Give people an experience instead of a thing - a short trip or a day spa - to be a future-thinking shopper.
"You can still spend, you can still make someone really happy, you can still let someone know how much you love them by how much you've spent," marketing and advertising guru Andrew Hughes told AAP.
"But at the same time, it's something that won't have as much impact on the environment or our sustainability."
The frenzy of consumption from Australian shoppers this weekend may be at odds with a sustainable economy but that won't stop them spending a forecast $5 billion from Black Friday to Cyber Monday.
"Question it, give people an experience instead," Australian National University-based Dr Hughes said on Friday.
Chief economist Richard Denniss at independent think tank The Australia Institute said people didn't need to buy fast fashion or disposable furniture.
"Imagine all the services that can give people a thrill rather than the unsustainable stuff," he said.
"Things like Black Friday, Mad Mondays, Boxing Day sales, any and all of that is all about tapping into the very transient, temporary thrill that people get when they purchase something."
Westpac's latest Card Tracker Index shows spending was high even before the four-day spree.
The latest reading means annual growth in card activity is running nearly 10 percentage points above its pre-COVID-19 pace, senior economist Matthew Hassan said.
He said there had been a steady shift towards services, and a slight decline for discretionary goods.
"The finer detail shows this goods-to-services shift is being driven by NSW and Victoria, consistent with reopening."
Dr Hughes said part of the surge in retail activity is the need for belonging and community that some find in shopping malls, but people also have a lot of cash.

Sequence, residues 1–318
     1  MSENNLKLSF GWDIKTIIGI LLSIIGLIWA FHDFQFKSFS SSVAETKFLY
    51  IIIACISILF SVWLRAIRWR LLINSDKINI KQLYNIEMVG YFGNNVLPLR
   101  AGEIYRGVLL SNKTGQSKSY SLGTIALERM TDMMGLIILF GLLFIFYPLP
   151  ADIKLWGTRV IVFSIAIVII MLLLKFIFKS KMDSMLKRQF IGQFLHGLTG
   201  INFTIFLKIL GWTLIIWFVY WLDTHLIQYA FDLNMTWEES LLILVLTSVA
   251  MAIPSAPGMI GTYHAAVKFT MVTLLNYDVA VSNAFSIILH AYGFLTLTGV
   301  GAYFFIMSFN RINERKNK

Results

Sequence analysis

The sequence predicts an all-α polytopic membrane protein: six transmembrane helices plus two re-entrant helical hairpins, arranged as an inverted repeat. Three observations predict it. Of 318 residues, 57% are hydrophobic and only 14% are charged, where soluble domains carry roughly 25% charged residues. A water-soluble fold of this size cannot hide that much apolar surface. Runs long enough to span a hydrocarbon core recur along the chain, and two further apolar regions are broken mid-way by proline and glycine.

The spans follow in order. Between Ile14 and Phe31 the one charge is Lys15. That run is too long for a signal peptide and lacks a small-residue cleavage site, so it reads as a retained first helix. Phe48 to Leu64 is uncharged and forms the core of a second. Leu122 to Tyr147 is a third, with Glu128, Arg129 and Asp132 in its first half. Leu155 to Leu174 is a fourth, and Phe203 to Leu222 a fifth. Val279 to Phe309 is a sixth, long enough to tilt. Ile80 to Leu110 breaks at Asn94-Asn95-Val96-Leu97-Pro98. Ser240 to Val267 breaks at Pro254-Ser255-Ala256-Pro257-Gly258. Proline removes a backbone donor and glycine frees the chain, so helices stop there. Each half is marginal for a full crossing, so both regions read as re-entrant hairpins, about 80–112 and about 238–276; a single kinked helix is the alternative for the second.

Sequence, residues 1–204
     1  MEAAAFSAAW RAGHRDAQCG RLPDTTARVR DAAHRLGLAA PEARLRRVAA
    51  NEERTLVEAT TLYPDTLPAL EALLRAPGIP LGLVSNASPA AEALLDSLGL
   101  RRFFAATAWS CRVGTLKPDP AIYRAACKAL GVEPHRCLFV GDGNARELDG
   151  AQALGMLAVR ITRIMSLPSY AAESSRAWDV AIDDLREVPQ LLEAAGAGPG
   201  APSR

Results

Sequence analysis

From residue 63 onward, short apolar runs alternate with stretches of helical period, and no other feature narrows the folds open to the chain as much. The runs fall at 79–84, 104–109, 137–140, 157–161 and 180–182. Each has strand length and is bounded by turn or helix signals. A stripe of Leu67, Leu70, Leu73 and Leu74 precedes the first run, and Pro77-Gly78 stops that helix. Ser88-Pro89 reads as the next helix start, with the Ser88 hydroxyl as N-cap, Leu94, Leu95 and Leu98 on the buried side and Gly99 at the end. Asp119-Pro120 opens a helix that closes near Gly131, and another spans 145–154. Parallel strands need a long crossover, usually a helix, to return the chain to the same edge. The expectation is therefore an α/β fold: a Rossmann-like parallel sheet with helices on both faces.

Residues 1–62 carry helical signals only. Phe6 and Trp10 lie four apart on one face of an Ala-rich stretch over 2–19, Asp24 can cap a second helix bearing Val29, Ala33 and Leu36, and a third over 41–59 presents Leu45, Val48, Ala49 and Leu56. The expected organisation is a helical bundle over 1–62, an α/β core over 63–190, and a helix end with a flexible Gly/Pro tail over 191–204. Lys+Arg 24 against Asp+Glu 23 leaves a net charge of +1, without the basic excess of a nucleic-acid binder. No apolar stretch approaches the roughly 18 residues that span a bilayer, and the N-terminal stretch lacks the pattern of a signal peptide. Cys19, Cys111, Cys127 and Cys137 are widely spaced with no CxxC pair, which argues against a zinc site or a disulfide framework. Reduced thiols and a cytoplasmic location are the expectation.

Rising house values are making people feel more confident about the future, and households believe the worst of the pandemic has passed.
"Now, people are just going, 'OK it's time to spend and spending makes me feel good'," he said.
Shoppers have also adjusted to supply chain problems and panic buying causing shortages.
Although toilet paper is back on the shelves, there is now a global shortage of wooden pallets.
Australian Food and Grocery Council chief executive Tanya Barden said the pallet shortage was affecting local manufacturers who were sometimes prevented from shipping out finished stock.
"The best approach is for consumers to make an early start on Christmas shopping," she said.
The current frenzy comes several weeks after "Single's Day" or "11/11", a big day on the Chinese shopping calendar on November 11.
"All of these 'days' are manufactured of course," Dr Hughes said.
"Our fear is not of missing out, our fear is upsetting people if we don't get them the right thing, and it's leading to an 'arms race' - spending more and more every year to make people happy."
Dr Denniss said people didn't behave like this 20 years ago.
"We're the first people in human history to behave like this - our parents didn't behave like this, our grandparents didn't live like this," he said.
"To tell ourselves that this is unavoidable and normal is to ignore how the vast proportion of the world's population currently lives."